“Where’s Dezzy?” Kimmy asked after she bounded up the steps to the patio outside Foster.

          I sat at one of the tables, checking over my notes for my last final. “I dunno. I’ve been waiting for fifteen minutes.”

          “You’ve been waiting out here? It’s freezing!” Kimmy shivered and stomped her feet to keep her toes warm.

          I shrugged. “Layers. Lots of layers.”

          “Why not wait inside, though?”

          I shrugged again. I didn’t want to talk about the weird feeling I’d been getting for the last week. Not to Kimmy, especially. But it had felt like a shadow was over me anytime I walked down the hallway or took the elevator. I’d switched to the stairs on Wednesday, but it had only gotten a little better.

          “Well, come on. Let’s go check her room. She’s supposed to quiz me for my geography final since she took hers yesterday.”

          I hesitated, but gave in at the idea of having to confess my worries to Kimmy.

          The lobby was empty, as were the common areas on each floor as we ascended the stairs. Most students were in the library studying if they weren’t currently taking an exam.

We arrived at the fourth floor and felt the temperature drop.

          “Brr….” Kimmy wrapped her arms around herself and her breath came out in a cloud. “Someone playing with the thermostat up here, or what?”

          I didn’t respond. This was another reason I was prepared with layers of clothing. It’d been like this for three days and no one had figured out why.

          Kimmy jogged down the hall and pounded on Dezzy’s door.

          “Pipsqueak! Come on! We’ve been waiting on you!”

          There was no answer. Kimmy jiggled the doorknob, but it was locked.

          “Ugh, where else could she be?”

          There was a thud and a bang from above us, followed by a muffled scream.

          “Shit,” I said and jumped.

          “You don’t think….” Kimmy trailed off, looking up.


          “Could she have gone up there? She kept trying to get us to investigate the weird noises.”

          “Oh man… she might be…” My dream started to play in my head.

          “We should go get her. She must have tripped and hurt herself.”

          “Maybe we should call for some help first.”

          “Don’t be silly. I thought you didn’t believe in ghosts.” Kimmy tugged on my arm and I let her drag me down the hall.

          A utility closet stood ajar next to the bathrooms. A ladder was visible in the back and a dim light fell on it from an opening in the ceiling.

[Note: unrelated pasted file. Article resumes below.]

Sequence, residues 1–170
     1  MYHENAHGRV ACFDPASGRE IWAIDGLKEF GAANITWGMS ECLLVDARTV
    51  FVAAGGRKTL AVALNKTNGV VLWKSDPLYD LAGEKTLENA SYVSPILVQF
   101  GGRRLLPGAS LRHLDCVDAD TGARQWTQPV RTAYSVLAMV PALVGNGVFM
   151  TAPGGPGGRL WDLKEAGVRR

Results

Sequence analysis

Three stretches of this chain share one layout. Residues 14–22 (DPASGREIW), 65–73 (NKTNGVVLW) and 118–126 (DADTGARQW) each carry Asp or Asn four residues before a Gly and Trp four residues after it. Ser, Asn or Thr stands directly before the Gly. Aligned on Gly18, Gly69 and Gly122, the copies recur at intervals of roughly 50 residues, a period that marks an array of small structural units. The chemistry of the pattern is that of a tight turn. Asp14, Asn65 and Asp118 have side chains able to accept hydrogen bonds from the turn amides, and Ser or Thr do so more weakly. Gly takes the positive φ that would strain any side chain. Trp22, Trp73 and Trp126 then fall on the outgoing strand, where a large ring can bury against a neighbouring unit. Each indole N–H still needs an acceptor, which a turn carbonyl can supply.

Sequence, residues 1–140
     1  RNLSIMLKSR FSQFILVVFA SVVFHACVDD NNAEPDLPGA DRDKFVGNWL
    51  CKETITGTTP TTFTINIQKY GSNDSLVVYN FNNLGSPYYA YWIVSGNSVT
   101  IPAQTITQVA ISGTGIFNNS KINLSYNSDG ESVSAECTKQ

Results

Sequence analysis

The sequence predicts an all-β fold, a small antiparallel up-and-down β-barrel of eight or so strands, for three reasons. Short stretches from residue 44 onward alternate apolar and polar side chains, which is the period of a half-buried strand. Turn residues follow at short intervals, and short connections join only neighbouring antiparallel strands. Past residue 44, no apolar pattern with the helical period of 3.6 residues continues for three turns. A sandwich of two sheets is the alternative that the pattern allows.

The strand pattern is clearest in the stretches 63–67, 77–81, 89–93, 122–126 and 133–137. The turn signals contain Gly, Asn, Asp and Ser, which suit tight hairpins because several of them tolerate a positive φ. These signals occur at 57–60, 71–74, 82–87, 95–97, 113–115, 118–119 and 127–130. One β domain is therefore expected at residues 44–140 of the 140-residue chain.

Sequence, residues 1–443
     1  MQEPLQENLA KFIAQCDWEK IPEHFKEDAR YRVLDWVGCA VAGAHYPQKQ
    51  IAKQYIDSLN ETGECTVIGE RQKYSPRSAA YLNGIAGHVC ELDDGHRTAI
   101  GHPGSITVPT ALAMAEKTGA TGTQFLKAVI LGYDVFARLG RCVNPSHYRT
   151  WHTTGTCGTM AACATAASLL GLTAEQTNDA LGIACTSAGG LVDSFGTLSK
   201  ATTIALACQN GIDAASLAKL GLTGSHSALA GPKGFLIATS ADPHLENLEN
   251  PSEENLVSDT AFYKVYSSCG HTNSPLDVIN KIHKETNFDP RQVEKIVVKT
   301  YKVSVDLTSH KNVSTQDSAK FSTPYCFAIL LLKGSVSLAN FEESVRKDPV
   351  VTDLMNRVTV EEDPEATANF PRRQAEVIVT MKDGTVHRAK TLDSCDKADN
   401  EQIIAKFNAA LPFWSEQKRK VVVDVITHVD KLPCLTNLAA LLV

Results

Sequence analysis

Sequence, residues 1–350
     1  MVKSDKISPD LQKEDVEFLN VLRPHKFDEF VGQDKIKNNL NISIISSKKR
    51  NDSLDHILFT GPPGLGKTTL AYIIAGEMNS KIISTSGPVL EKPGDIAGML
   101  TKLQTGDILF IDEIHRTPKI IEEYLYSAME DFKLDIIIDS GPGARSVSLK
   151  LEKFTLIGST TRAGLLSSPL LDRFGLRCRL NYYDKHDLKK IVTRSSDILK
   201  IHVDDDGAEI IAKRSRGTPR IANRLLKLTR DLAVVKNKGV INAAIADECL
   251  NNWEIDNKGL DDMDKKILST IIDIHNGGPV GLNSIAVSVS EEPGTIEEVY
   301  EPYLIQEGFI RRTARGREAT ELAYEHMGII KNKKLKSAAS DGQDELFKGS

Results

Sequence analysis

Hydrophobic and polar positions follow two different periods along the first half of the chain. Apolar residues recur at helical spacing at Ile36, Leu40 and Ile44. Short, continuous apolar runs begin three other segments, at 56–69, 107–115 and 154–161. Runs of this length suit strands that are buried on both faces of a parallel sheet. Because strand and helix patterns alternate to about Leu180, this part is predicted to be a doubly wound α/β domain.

“I wonder how she found it.” Kimmy grabbed my arm again. “Come on.”

          Every fiber of my being was telling me to turn back. To get away. To run as fast as I could. But I couldn’t let Kimmy go up there alone. She was already halfway up the ladder, her head poked up into the square of light.

          “Dezzy? Are you up here?”

          I heard a voice say, “help me,” in response. But it was wrong. That wasn’t Dezzy. I tried to reach out to grab Kimmy’s leg, but I couldn’t reach. She was through the hatch, her feet disappearing from view.

          “I’m coming, hang on.”

          I was frozen to the floor. I couldn’t go up there, even if I’d tried. My jaw was clenched shut. I couldn’t make a noise. Something was wrong.

          I heard a growl from above me. Louder than any dog. Deeper. More menacing.

          “Dezzy?” I heard Kimmy say, her voice faltering. She’d realized her mistake now.

          There was a rough giggle in reply. The sound was like broken glass. It grated on my nerves and I felt sickened to my core. “She’s already gone,” the voice said, turning my stomach. “Would you like to join her?”

          I’ll never forget Kimmy shrieking my name. Begging for my help. It’s all I hear at night when I’m alone.

          I couldn’t go to her. I couldn’t move.

          Only once her scream had died away was I unfrozen. Once I could go, I didn’t know where to. Not up the ladder, it was too late for that. But not for help either. I already knew there’d be nothing to find up there. If that were the case, this would have stopped long ago. After the first student was taken.

          All I can do now is try to warn others. Tell them that someone has to feed the beast in the attic…